Aged IT, training lack blamed for hospital outages
A lack of investment in technology and staff training has been blamed for two network glitches that crashed systems and disrupted patient appointments at Palmerston North Hospital this year.
An external review was conducted for MidCentral District Health Board after the first outage in February, which took four days to fix after the Storage Area Network (SAN) experienced a disc-control failure.
At the time, staff had to physically transport files between departments, 33 outpatient appointments had to be rescheduled, two operations were cancelled and rebooked, and a pregnant woman was transferred to Wellington Hospital.
MDHB chief executive Murray Georgel described the outage as "serious".
A second outage occurred in June after scheduled maintenance when the SAN did not restart properly and took 2 days to fix but caused minimal patient disruption, a board spokesman said.
The review of the failure, which also examined IT infrastructure and processes, found the age of the SAN, outdated firmware, lack of staff expertise in the system, deferred maintenance, lapsed warranty and a slow backup strategy all contributed to the outage.
MDHB knowledge and information manager Brian Woolley said in a review brief that DHBs were facing a challenge making IT investment decisions in a rapidly changing IT environment.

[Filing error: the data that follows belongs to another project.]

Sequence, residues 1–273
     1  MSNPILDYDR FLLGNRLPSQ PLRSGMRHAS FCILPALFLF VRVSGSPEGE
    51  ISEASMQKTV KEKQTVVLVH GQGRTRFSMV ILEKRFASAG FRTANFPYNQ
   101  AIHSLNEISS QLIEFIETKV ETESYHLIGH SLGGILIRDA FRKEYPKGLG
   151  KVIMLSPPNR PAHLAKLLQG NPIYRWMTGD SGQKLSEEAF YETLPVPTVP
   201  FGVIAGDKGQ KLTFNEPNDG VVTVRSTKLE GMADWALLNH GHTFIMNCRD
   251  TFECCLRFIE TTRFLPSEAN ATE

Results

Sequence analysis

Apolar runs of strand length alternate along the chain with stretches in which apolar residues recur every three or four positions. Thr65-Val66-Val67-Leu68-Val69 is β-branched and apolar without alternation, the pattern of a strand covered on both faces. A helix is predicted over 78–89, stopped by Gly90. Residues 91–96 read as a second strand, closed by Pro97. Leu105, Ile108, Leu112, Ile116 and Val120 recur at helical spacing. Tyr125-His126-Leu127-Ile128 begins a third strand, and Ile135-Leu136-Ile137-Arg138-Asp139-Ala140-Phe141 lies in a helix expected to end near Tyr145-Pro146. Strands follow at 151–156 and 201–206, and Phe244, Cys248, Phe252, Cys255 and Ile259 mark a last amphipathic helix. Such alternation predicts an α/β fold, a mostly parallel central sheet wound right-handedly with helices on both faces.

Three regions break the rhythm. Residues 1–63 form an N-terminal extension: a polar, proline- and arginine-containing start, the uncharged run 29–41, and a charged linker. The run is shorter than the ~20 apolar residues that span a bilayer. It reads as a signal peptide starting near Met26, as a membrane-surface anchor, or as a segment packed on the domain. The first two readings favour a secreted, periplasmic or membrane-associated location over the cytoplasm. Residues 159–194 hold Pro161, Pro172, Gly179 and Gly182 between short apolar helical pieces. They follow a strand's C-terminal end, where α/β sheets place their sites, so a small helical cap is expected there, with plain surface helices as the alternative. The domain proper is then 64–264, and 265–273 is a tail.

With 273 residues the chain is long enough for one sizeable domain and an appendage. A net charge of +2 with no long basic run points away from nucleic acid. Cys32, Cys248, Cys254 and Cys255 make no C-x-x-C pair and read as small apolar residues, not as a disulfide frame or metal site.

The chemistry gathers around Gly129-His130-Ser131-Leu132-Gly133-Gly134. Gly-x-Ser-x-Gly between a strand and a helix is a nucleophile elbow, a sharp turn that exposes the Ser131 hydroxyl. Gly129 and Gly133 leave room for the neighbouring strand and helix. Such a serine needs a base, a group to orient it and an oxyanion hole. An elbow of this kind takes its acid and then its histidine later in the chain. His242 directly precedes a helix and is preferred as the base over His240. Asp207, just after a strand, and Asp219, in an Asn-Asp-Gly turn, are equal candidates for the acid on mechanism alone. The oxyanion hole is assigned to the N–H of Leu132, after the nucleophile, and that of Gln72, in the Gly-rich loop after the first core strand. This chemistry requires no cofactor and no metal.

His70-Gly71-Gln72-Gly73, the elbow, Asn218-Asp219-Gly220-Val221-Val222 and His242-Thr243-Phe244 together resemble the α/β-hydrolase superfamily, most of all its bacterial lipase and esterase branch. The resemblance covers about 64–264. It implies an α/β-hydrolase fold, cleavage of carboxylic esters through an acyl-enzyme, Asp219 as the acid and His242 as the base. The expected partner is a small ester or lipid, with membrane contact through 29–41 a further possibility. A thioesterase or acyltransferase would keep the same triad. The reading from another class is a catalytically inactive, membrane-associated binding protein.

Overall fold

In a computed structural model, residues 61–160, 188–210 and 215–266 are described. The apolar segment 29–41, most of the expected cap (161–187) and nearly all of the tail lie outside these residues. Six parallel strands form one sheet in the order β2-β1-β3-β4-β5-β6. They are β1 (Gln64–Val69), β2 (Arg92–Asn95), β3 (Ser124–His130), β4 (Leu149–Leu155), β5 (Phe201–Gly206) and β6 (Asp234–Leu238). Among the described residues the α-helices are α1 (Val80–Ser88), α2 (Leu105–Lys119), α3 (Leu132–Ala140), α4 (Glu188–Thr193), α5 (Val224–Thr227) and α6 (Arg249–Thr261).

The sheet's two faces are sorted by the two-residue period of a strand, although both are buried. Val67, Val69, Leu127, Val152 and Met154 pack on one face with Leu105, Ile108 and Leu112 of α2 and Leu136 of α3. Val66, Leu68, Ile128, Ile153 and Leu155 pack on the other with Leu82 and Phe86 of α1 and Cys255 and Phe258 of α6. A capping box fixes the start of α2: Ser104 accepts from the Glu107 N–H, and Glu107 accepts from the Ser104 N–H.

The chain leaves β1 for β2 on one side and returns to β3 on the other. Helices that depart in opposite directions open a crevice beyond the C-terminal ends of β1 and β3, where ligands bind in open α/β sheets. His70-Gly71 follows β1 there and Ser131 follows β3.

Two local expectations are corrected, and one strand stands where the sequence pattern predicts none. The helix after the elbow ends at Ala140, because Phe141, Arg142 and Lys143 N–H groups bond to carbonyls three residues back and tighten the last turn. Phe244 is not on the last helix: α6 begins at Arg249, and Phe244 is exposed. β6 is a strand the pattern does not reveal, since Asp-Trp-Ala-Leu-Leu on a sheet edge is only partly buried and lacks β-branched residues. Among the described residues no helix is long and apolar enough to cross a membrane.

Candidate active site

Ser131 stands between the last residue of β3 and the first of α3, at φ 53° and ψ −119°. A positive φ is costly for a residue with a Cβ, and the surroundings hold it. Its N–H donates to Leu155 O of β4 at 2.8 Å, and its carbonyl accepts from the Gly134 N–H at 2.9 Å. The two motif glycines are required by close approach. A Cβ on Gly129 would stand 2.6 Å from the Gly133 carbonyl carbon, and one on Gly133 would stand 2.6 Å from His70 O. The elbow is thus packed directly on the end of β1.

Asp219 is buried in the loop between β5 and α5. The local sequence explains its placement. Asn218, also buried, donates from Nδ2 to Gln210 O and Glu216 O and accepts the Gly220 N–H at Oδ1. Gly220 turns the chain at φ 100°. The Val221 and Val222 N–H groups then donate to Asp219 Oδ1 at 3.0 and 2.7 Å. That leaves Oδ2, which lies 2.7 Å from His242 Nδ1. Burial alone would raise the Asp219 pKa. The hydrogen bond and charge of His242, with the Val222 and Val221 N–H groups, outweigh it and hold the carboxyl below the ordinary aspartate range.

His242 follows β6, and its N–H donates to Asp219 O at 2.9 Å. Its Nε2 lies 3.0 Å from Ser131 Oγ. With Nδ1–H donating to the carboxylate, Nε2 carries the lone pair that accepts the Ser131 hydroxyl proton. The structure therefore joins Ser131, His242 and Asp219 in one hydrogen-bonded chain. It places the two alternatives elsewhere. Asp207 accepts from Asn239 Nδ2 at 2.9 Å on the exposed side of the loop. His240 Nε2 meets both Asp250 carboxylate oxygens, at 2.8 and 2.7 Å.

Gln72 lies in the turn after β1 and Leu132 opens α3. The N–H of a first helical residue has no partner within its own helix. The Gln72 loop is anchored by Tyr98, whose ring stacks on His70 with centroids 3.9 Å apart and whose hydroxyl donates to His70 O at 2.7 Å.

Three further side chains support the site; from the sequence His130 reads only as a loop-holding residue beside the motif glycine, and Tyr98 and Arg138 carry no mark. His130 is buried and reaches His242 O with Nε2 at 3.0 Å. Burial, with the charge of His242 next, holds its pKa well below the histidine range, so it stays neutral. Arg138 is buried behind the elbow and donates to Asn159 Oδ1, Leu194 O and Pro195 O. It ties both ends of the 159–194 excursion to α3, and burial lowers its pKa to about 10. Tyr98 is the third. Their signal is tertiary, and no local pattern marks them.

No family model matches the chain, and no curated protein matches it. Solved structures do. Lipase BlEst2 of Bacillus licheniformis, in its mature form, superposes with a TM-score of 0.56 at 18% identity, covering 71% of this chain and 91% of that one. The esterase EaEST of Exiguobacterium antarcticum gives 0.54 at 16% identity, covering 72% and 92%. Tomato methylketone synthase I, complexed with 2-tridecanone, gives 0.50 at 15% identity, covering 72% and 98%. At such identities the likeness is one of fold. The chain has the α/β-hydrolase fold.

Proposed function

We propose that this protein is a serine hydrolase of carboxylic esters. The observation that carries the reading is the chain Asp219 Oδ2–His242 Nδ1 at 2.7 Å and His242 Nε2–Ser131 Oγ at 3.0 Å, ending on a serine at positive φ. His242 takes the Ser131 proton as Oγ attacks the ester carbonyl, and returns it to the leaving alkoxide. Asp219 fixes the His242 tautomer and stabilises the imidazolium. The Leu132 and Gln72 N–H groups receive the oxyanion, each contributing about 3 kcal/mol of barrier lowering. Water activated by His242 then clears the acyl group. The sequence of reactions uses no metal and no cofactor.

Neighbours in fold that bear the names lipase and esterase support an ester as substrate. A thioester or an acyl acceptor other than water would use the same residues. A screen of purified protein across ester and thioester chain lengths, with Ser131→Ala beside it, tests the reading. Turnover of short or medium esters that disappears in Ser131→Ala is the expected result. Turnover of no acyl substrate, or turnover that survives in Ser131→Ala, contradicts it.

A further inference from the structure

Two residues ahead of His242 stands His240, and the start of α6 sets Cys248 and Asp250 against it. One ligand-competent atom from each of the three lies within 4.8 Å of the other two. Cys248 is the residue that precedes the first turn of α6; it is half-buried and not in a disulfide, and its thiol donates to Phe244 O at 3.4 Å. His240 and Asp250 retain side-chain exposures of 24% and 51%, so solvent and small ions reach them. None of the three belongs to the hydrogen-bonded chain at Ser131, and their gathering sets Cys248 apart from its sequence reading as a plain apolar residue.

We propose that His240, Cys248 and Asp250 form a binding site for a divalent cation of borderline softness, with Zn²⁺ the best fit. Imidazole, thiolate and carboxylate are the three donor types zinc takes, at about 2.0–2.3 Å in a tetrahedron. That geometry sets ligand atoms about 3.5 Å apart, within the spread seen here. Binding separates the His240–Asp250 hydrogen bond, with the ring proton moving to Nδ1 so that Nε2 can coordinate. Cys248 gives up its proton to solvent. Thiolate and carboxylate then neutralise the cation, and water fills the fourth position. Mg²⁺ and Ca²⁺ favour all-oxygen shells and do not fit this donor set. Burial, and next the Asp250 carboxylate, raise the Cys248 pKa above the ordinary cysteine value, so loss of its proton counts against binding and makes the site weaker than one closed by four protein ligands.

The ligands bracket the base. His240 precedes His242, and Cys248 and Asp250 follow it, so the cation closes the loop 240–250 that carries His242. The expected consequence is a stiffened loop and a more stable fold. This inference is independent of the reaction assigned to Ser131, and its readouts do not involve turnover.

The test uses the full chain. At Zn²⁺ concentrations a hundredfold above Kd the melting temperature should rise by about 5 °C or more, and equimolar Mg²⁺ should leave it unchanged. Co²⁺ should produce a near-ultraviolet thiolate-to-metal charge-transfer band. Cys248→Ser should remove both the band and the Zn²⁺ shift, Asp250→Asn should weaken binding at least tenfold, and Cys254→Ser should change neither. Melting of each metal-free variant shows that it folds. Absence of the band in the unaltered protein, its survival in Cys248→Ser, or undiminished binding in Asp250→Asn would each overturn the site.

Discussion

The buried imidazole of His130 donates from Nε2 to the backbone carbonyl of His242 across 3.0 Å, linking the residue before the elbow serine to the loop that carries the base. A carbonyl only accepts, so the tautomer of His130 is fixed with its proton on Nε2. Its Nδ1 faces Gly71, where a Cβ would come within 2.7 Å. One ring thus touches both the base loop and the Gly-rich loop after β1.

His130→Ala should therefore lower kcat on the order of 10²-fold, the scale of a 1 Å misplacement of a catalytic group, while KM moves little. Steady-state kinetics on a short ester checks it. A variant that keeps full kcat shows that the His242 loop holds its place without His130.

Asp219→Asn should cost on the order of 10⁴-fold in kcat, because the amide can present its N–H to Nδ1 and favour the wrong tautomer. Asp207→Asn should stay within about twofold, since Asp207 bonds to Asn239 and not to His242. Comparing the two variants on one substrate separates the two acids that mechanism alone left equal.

"The health service in New Zealand is working towards nationalising and regionalising information systems," he said.
"Unfortunately, deadlines are not always met and therefore MDHB has at times delayed investing in a timely manner in upgrading its infrastructure. This has led to parts of the infrastructure no longer being fit for purpose."
Woolley said the DHB had deferred training of staff in SAN technology despite the three previously trained staff having left.
"As a result there was a lack of necessary expertise at the time of the outage," he said.
The IT department was under-resourced and had skill gaps, and there was a lack of up-to-date operating manuals and procedures, he said.
The review offered several high-priority recommendations - including reviewing backup and monitoring strategy, addressing skills shortages and continuing to replace outdated technology - most of which were already under way.
The $2 million project for a new SAN system, including implementation services and data migration costs, was approved at the MDHB meeting in Dannevirke on Tuesday.
The costs include a one-off payment of $205,000 and monthly leasing costs of $35,337.
A review has also found patients are being left in corridors as problems with the buildings at the Hospital cause stress for staff and patients.